The world is increasingly complex. The lifespan of companies has decreased significantly; from 60 years to below 30. Technology is increasing exponentially; it’s expected there will be 1 trillion sensors connected to the internet by 2025. The number of factors that could influence a given organization is unfathomable.
With this being the case, how do we future-proof our organizations?
Focus on the middle.
While senior leaders are the most visible and “powerful” in some respects, it is the middle manager/operational core that has the largest impact on actual behavior and team performance.
Just think of the numbers. Middle managers have more interactions with employees, and therefore far greater influence over their experience, job satisfaction, and effectiveness. They also have more knowledge than senior leaders about what works and doesn’t when it comes to day-to-day operations.
Middle managers are the people that need to be aware of environmental conditions, armed with the skills to deal with them, and given the freedom to respond to the needs of their team and the market. Without that foundation, any vision of a fast, contemporary, resilient way of operating is doomed to failure.
Unfortunately, it is commonly the case that this critical layer of organizations is broken.
In a 2014 HBR article, it was reported that the employees self-reporting in the bottom 5% of “commitment” and “engagement” weren’t underperformers — they were largely middle managers who received “good” (not superior, not terrible) performance reviews. In another study, it was found that middle managers are also significantly more likely to have anxiety and depression than blue collar workers or executives and owners (18% vs. 12% and 11%, respectively).
People in middle management are often unhappy and the people around them are unhappy with them. They’re stuck in what some call a “contradictory-class location”: They have more autonomy and higher wages than their direct reports, but still have to enforce policies and decisions they play no part in making.
They get the downsides of being a subordinate, and work as a manager without the perks.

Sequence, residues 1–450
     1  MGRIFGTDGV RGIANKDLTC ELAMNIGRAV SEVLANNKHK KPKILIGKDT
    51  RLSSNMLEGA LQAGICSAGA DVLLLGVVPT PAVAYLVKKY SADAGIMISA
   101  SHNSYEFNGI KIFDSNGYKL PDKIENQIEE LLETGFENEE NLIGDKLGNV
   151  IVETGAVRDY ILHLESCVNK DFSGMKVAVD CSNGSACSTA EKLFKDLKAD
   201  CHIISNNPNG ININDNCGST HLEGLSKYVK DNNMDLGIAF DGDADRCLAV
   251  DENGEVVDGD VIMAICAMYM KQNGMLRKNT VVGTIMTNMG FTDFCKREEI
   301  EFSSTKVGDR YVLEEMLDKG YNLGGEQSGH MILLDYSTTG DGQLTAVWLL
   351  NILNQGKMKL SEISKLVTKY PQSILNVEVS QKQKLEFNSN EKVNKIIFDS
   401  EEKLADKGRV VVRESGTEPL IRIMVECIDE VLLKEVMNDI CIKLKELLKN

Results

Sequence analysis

Having to play the game of bureaucracy, a game which is particularly painful when you’re stuck in the middle, doesn’t lend itself to facilitating an environment that promotes creative problem solving and innovative thinking.
The problem isn’t the people who hold these roles. It’s the flaws inherent in the way the roles themselves are designed.
If you want to future-proof your organization, redefining the role of middle management and the mindsets associated with it is a core component. If you do this successfully, you’ll be unleashing mental horsepower that’s currently bogged down in politics or administrivia.
What does redefining these roles look like?
1. Middle Manager → Coach
When bureaucracy first developed, it was a necessary thing, because there were fewer people with a higher education and information wasn’t easy to access. The ability to comprehend all of the parts in an organization and to read the market was specialized; rigid systems were more necessary to tell people how to do their jobs.
Now, the majority of the population receives higher education (just under 70% in the U.S. in 2014 according to NCES), and access to information is far more ubiquitous with the advent of the internet and other knowledge management technology. Teams don’t need to be told what to do; they need to be supported, guided, and developed.
This role shift means a change in a few key job elements.
First, it makes developing employees a key aspect of fulfilling the role. A middle manager controls activities, while a coach teaches and trains. There is a fundamental shift from telling teams how they need to get their work done to telling teams what needs to be accomplished, and allowing the how to ultimately be determined by the team itself.